Making it to the Elite Series

Elite Series

Cody Detweiler
Cody Detweiler

Making it to the Elite Series takes hard work, more bass fishing know-how than most have, and a good bit of money. The right connections don't hurt, either.

Cody Detweiler has the right pedigree and drive to pursue his dream of fishing against his heroes.

"Ever since I was six or seven, I've wanted to be a professional fisherman," the 17-year-old Floridian said. "That's part of the reason my dad went and bought the marina; I get a lot of exposure to people in the industry."

Cody's dad, Mark, has owed a piece of Florida bass fishing history for seven years — Big Toho Marina. Most all of the Elite Series pros have put in at Big Toho, Dean Rojas caught the heaviest five bass limit in BASS history within sight of the store and Cody has been there whenever he could to watch the pros and pick their brains.

"One of the coolest things about being here is getting to meet a lot of the BASS pros. I've met Terry Scroggins, Mike Iaconelli, Terry Seagraves, Jason Williamson and a few others," he said. "They're why I want to be a BASS pro. I think it'd be cool to compete against them."

Despite his age, Detweiler is no novice to tournament fishing. Three years ago he fished and won a charity event put on by professional angler Terry Segraves called "Angling against Cancer." Since then he has fished in one and two-man tournaments with success. Detweiler believes the thing that is holding him back the most is his one-dimensional fishing experience, through no fault of his own.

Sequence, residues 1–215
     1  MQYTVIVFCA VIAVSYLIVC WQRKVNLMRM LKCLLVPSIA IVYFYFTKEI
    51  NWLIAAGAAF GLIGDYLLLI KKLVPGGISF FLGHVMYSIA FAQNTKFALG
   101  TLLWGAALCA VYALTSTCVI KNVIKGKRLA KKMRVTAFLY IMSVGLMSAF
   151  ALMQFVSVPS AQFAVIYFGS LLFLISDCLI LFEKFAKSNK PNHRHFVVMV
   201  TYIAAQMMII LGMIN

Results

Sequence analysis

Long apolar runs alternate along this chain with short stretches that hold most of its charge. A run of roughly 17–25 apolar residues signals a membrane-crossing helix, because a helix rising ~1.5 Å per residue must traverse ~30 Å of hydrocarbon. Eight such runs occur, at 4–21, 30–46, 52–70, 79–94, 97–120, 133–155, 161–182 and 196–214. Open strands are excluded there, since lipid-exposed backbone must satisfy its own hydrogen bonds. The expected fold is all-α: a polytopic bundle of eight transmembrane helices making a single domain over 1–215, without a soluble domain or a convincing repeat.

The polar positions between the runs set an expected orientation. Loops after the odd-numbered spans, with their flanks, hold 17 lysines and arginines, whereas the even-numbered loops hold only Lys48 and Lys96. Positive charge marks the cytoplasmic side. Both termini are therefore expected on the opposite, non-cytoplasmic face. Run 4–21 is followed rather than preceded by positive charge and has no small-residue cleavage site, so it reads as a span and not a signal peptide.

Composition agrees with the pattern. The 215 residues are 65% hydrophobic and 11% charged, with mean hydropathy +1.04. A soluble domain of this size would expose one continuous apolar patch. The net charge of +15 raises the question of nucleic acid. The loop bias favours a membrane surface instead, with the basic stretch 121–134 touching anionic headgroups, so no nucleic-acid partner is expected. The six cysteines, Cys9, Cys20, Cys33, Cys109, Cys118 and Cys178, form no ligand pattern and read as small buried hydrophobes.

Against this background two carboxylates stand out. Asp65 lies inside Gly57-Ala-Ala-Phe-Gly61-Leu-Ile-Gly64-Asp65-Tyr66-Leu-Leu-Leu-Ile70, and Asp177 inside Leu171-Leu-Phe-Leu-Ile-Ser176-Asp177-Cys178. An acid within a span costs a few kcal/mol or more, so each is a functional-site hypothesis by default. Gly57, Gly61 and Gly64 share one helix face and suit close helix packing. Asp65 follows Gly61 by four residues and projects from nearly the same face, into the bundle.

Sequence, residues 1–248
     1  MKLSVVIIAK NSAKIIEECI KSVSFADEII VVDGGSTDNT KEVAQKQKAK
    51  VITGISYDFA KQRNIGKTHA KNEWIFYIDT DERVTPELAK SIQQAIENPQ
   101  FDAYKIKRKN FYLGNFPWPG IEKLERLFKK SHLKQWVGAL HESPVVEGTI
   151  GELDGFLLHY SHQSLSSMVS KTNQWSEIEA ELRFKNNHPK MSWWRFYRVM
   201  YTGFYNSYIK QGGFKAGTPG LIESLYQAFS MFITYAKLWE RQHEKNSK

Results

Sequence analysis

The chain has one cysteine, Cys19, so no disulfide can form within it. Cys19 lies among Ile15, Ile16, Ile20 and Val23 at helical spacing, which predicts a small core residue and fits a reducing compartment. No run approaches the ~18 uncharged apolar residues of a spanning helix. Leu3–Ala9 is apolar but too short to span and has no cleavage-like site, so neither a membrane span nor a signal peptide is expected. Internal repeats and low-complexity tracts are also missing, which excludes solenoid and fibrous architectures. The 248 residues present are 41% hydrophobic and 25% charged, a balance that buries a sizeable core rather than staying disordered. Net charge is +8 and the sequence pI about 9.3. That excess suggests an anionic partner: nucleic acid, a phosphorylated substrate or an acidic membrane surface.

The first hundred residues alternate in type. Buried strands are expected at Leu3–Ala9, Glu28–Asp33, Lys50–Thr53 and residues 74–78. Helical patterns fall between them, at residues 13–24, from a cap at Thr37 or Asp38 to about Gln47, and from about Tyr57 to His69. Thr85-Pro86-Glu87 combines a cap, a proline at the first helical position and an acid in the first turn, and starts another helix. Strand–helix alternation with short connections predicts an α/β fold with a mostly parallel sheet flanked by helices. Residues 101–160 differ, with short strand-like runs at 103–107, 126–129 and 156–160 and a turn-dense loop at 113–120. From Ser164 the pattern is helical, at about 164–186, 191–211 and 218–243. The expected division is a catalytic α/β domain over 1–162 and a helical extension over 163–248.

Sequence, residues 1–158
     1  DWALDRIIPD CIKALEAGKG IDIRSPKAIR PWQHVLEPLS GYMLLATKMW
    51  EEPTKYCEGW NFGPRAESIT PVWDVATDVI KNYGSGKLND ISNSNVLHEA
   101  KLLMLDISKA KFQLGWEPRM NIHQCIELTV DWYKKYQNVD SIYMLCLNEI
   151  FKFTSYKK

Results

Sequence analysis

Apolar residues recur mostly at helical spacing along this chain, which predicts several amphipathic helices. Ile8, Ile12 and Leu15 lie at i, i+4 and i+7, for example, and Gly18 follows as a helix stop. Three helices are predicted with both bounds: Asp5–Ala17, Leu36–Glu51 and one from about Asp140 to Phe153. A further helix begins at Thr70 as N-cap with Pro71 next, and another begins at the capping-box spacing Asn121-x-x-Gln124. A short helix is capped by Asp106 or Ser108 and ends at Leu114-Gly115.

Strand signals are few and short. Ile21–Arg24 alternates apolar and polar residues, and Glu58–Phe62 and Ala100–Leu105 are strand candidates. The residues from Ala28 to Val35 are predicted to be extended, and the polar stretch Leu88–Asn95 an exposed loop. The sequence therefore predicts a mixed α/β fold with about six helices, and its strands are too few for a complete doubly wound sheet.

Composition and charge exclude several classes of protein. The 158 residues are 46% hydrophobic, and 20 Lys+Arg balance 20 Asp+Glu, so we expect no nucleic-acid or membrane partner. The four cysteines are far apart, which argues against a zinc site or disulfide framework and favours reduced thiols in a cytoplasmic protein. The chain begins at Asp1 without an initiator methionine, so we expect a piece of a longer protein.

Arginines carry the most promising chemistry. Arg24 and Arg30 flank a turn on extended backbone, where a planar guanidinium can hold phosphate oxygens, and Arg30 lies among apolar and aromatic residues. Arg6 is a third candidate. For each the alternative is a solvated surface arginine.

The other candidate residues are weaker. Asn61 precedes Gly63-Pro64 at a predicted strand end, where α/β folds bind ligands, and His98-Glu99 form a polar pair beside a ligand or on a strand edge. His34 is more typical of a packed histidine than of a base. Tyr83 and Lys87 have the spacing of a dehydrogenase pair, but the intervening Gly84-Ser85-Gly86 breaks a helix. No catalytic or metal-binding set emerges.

"I have fished Toho forever. I need to get out and fish other bodies of water to be a more well-rounded angler," he said. "I mean, Toho is 7 feet deep and muddy, whereas the Conway Chain here in Florida is 27 feet deep and clear. I still have a lot to learn."

While he admits he has a lot to learn, he has the best "teachers" available.

"Earlier this year (Elite Series pro) Jason Williamson came and stayed at our house before the season, and he taught me a lot, including a lot about Amistad. I had watched him there last year, and before he left I told him I knew he was going to win. Sure enough, he goes out there and wins it," Detweiler said. "He called right after he won; it was pretty cool."

For the time being, Detweiler is content graduating high school and attending community college to study marketing. All the while, he plans on working on his fishing career by fishing Opens and local events.

"I can always use my degree as a backup," he said. Spoken like a true — and bright — future pro.

 

 

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